Planned radio towers draw wrath at meeting Concerned residents barrage commissioners with many questions

October 20, 1995|By Mary Gail Hare | Mary Gail Hare,SUN STAFF

Before a radio station builds six towers on farmland in Carroll County, it will have to reckon with residents who say they don't want their views of the sky altered.

WCBM-AM Radio in Owings Mills in Baltimore County has purchased a 389-acre farm on Hoods Mill Road near Route 97 and the Howard County line, and plans to build six 350-foot towers on about 55 acres at the east end of the property.

"The towers will stretch across an area similar to the South Carroll High School campus," C. Michael Wheeler, an area resident, told about 125 residents of Carroll and Howard counties who met at the school last night.

"You will hear the radio on your TVs and telephones. You will see the strobe lights from your windows," Mr. Wheeler said.

All three Carroll County commissioners attended the meeting and received a barrage of questions from the audience.

Kurt Harden, a Woodbine resident, asked that an impact fee be imposed on the tower owners.

"They want to run a $1 million business out of our back yards and pay [agricultural] taxes on their land," he said.

Taxes on farmland are lower than those on industrial and residential properties.

Soon after signs announcing a hearing on the towers were posted at the Mercer farm, neighborhood groups began their fight against the structures. They sought and won a postponement of a zoning hearing and have been planning their strategy in the three-week interim.

Towers are a conditional use on agricultural land but must receive approval from the Board of Zoning Appeals.

"The BZA has to rule on a narrow legal question of whether there is an adverse impact," said County Commissioner W. Benjamin Brown, long an opponent of towers in residential areas.

"Carroll County has so little industrial-zoned land and most is along the main roads. The sites with the least impact are in agriculture zones," Mr. Brown said.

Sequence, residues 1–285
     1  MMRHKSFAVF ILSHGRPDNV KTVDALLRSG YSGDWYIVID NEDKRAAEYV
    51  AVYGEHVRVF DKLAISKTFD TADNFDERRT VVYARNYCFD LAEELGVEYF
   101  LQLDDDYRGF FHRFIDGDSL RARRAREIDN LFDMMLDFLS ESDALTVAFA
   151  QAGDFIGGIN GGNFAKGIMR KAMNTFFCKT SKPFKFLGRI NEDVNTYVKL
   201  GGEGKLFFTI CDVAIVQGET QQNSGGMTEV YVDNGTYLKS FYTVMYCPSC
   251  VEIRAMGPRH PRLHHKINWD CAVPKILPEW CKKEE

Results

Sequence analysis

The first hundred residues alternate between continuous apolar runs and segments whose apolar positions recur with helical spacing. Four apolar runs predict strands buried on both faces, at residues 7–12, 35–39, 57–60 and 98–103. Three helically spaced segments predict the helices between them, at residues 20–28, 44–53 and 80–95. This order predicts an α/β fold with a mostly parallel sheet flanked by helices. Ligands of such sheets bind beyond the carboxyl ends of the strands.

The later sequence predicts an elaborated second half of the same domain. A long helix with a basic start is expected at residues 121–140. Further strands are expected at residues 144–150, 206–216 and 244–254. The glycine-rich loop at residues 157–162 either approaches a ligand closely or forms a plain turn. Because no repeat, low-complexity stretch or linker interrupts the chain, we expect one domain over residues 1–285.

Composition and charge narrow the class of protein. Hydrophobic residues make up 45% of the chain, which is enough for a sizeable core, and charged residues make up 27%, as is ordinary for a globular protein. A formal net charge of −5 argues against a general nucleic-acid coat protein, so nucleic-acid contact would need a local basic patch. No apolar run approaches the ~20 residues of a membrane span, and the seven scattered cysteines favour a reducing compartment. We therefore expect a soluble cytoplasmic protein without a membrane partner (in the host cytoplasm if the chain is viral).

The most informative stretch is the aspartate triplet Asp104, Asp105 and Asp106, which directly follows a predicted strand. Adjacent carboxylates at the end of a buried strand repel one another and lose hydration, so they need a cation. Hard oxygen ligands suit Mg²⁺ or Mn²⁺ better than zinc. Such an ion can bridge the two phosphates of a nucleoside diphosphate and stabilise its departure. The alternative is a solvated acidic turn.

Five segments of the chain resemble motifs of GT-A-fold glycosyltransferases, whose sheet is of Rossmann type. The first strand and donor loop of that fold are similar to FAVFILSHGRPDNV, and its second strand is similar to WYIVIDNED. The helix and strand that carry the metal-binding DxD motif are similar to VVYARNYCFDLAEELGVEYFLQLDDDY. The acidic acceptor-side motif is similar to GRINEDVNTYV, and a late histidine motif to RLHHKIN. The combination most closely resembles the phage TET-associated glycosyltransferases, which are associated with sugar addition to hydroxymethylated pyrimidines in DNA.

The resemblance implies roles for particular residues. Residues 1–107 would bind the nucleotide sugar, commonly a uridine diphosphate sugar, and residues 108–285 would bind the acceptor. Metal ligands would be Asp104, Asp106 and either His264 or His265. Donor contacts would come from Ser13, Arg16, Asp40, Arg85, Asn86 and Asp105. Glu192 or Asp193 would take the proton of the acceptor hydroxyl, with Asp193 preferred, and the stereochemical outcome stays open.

Robert Forshey Jr., whose home will be within 2,000 feet of the proposed towers, countered, "This is not the responsible growth you promised your constituents."

Balloons hovering at the same 350-foot height of the towers announced the meeting last night.

"Anybody who could see those balloons should be at the meeting," said Mr. Wheeler, whose property adjoins the Mercer farm.

Harold and Esther Mercer, now retired, plan to continue living in their 200-year-old home on 5 acres of the farm.

"Would we live here with our grandchildren if we thought the towers were harmful?" Ms. Mercer said in an interview last month.

Health issues aside, the towers are incompatible and interfere with residents' "peaceful enjoyment of their homes," Mr. Wheeler said. "Someone wants to put a Coke machine in my Garden of Eden."

The sale is contingent on the radio station winning conditional use approval from the zoning board. A hearing is set for 9:30 a.m. Monday.

Tower opponents have hired an attorney who is well-versed in zoning issues and developed 11 major points that they will put forth at the hearing, Mr. Wheeler said.

When he opened the floor to questions, many residents expressed concerns about health issues and radio interference and wondered what advantage Carroll would reap from the project.

"We are dealing with a Baltimore County radio station, which probably can't buy land in Baltimore County to upgrade its signal," said Bill Brigham, a radio engineer. "It will continue to serve the public interest in Baltimore."

Mr. Wheeler urged as many residents as possible to attend the zoning hearing.

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